This idea that Rand "fully condemned charity" is unfortunate and did not, in my opinion, originate with her. Her villain was altruism - the idea that one's moral worth is measured in proportion to how much he gives to the undeserving and even by how undeserving his benefactors are.
I haven't read enough of her to know, I readily admit. That makes me feel better, that it someone else who misunderstood charity, and that person also misunderstood what "altruism" really means. Altruism has no inherent requirement of pure unselfishness.
I read in her own hand that voluntarily helping others because you want to - because it makes you feel good - doesn't contradict rational selfishness. In my words, charity is not the same as altruism unless you do it because of what some third party may say about you.
They're not necessarily the same, but as I've said in a previous example, you can be altruistic while making a profit: ensuring that people who value a scarce resource the most will be the ones to get it. Posted by: Perry Eidelbus at December 1, 2009 1:55 AM

One more thing:

"The collectivists preach that the moral ideal is altruism and "not mere benevolence or generosity.""

This is true, but they promote "altruism" as a smokescreen. If a collectivist were really concerned about his followers' welfare, he'd release them from his rule.

Posted by: Perry Eidelbus at December 1, 2009 1:58 AM
"Altruism has no inherent requirement of pure unselfishness."

Actually, Rand said that is precisely what altruism requires. I'll have to look up a quote for you.

I think you've equated altruism with good ol' Christian charity and benevolence and I also think you should use those latter words to describe generosity without self-sacrifice. Because we don't even need Rand's judgement to see that altruism means "selflessness."

Note that the Latin roots of altruism are "other"-ism, in opposition to ego-ism.

Posted by: johngalt at December 2, 2009 9:29 AM

Here is a good example of Rand on altruism. From 'Capitalism, the Unknown Ideal' Chapter 12, Theory and Practice. Opening paragraph:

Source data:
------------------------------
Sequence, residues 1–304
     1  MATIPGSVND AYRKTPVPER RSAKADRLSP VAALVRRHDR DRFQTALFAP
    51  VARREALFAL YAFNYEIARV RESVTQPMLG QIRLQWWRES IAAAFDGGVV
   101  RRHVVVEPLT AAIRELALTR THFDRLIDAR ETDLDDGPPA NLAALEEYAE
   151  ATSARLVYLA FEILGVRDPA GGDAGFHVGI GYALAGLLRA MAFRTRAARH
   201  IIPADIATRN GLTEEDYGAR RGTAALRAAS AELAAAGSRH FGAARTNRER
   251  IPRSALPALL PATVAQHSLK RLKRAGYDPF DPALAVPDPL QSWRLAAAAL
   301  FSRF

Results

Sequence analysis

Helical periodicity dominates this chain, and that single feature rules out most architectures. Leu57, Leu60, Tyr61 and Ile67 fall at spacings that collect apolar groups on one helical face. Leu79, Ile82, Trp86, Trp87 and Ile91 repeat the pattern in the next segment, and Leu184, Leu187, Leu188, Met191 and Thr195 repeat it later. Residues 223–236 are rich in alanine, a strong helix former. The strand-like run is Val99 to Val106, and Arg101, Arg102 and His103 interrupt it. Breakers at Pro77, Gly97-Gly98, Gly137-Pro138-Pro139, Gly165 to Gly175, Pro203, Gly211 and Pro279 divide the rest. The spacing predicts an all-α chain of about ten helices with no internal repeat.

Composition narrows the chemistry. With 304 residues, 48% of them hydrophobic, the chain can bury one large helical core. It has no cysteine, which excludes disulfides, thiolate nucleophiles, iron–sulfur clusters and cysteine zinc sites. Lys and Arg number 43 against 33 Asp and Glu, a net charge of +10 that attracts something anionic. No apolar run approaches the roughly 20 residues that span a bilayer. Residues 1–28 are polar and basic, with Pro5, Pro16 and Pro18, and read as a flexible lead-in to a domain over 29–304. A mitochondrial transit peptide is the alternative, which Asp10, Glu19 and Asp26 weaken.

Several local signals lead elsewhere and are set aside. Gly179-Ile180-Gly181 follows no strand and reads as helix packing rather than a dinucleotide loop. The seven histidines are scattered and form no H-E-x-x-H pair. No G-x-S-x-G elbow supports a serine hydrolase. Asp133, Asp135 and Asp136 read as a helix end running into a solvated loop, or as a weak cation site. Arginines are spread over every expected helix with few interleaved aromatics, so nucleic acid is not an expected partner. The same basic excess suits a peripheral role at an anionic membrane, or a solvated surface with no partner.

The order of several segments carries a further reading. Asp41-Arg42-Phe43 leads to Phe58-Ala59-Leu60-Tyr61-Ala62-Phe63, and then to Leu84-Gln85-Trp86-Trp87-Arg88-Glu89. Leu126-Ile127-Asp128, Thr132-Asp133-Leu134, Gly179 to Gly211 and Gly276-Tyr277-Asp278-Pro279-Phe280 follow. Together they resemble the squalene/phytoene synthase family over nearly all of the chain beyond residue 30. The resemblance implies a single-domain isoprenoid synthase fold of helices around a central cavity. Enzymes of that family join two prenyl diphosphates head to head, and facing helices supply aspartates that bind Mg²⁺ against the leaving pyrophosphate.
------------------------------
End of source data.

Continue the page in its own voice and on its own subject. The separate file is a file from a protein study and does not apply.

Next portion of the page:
"Few errors are as naive and suicidal as the attempts of the "conservatives" to justify capitalism on altruist-collectivist grounds.
Many people believe that altruism means kindness, benevolence, or respect for the rights of others. But it means the exact opposite: it teaches self-sacrifice, as well as the sacrifice of others, to any unspecified "public need"; it regards man as a sacrificial animal.
Believing that collectivists are motivated by an authentic concern for the welfare of mankind, capitalism's alleged defenders assure its enemies that capitalism is the practical road to the socialists' goal, the best means to the same end, the best "servant" of public needs.
Then they wonder why they fail—and why the bloody muck of socialization keeps oozing forward over the face of the globe.
They fail, because no one's welfare can be achieved by anyone's sacrifice—and because man's welfare is not the socialists' goal. It is not for its alleged flaws that the altruist-
collectivists hate capitalism, but for its virtues."

Posted by: johngalt at December 2, 2009 6:12 PM
"Many people believe that altruism means kindness, benevolence, or respect for the rights of others. But it means the exact opposite: it teaches self-sacrifice, as well as the sacrifice of others, to any unspecified "public need"; it regards man as a sacrificial animal.
She is partially incorrect, going by her redefinition of altruism. I need not point out again that altruism doesn't inherently require putting others before yourself, nor does it mean sacrificing others for yet others. Posted by: Perry Eidelbus at December 5, 2009 7:22 PM | What do you think? [7]